The epsilon-delta definition
From the above definition of convergence using sequences is useful because the arithmetic properties of sequences gives an easy way of proving the corresponding arithmetic properties of continuous functions. We now use this definition to deduce the more well-known ε-δ definition of continuity.
Informally: Close points (δ apart) are mapped to close points (ε apart).
We formalise this to get the following:
- A function f from R to R is continuous at a point p ∈ R if
given ε > 0 there exists δ > 0 such that if |p - x| < δ then |f (p) - f (x)| < ε.
- This definition is equivalent to the previous one.
- First, we show that continuity in this definition implies continuity in the previous definition.
So suppose (xn)→ p. We must prove that (f (xn))→ f (p).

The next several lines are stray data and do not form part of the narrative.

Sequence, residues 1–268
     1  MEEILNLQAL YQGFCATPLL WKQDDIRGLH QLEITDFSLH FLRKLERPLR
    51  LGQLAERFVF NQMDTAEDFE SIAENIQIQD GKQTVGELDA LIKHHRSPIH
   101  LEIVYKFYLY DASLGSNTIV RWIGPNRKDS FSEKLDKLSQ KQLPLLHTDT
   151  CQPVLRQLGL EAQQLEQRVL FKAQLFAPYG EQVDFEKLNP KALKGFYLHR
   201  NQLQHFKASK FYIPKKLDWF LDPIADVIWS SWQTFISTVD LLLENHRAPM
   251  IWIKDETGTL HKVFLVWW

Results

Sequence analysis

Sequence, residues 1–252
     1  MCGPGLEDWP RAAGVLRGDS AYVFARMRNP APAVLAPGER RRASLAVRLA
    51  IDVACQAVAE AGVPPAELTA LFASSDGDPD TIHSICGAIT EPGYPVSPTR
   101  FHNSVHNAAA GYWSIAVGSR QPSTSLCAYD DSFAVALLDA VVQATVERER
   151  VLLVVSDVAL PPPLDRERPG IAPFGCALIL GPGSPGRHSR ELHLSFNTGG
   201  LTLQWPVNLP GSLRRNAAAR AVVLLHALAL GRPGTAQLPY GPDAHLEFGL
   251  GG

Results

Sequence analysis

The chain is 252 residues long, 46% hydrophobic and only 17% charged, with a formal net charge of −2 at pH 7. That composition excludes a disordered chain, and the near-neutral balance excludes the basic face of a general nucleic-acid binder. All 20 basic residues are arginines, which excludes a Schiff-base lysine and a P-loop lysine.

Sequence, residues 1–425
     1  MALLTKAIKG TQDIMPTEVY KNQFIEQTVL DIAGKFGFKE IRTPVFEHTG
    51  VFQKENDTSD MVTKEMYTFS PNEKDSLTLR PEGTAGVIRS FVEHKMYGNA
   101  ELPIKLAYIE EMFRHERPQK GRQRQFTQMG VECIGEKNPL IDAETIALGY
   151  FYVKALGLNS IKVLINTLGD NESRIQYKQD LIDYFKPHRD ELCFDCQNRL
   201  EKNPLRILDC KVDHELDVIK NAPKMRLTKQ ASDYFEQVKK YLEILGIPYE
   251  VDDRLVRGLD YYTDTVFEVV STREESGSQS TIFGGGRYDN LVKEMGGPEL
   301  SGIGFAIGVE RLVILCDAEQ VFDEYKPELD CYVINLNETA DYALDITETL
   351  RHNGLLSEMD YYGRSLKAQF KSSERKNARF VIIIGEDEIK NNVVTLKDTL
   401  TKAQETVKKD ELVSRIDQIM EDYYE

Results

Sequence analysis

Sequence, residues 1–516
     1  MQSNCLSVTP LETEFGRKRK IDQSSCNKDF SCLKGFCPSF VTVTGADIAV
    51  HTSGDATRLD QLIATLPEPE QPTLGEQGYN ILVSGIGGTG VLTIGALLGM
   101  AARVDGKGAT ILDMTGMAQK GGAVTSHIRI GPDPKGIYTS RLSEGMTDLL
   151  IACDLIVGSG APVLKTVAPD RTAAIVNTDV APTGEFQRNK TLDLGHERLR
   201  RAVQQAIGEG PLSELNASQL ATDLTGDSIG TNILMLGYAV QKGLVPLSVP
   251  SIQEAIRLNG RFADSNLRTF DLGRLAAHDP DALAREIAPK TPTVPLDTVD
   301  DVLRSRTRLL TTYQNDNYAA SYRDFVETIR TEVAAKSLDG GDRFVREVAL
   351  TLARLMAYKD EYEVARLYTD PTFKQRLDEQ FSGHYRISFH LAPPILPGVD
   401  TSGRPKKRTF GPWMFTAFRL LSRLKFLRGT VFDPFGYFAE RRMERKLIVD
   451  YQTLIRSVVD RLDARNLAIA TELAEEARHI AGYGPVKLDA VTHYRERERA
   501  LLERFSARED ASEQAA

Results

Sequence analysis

That is given ε > 0 we must find N such that |f (xn) - f (p)| < ε if n > N.
Given such an ε from the new definition of continuity there is a δ such that |f (xn) - f (p)| < ε whenever |xn- p| < δ.
Since (xn) converges to p, there is a N such that this happens whenever n > N and so with this value of N our definition is satisfied.
Secondly, we show that the sequential definition implies the ε-δ one.
Given ε > 0, suppose that we could not find a suitable δ. Then δ = 1 would not work and so we must have some x1 such that |x1- p| < 1 and |f (x1) - f (p)| > ε.
Similarly, δ = 1/2will not work, and so we can find x2 further down the sequence than x1 such that |x2- p| < 1/2 and |f (x2) - f (p)| > ε.
Continuing in this way we get a sequence (x1, x2, x3, ... ) which by construction converges to p, but for which f (xn) is always at least ε away from f (p). So we cannot have (f (xn)) converging to f (p) and we have a contradiction.
- The function defined by f (x) = √x is continuous.
Given ε > 0 we must show that |√x - √p| < ε provided that x, p are close enough.
Now |√x - √p| = |x - p|/|√x + √p| < |x - p| /√p and so choosing δ = ε/√p will do.
- The definition of continuity "doesn't quite work" at p = 0 for this function since the function is not defined for x < 0. One can define a notion of "one-sided continuity" to take care of examples like this.
JOC September 2001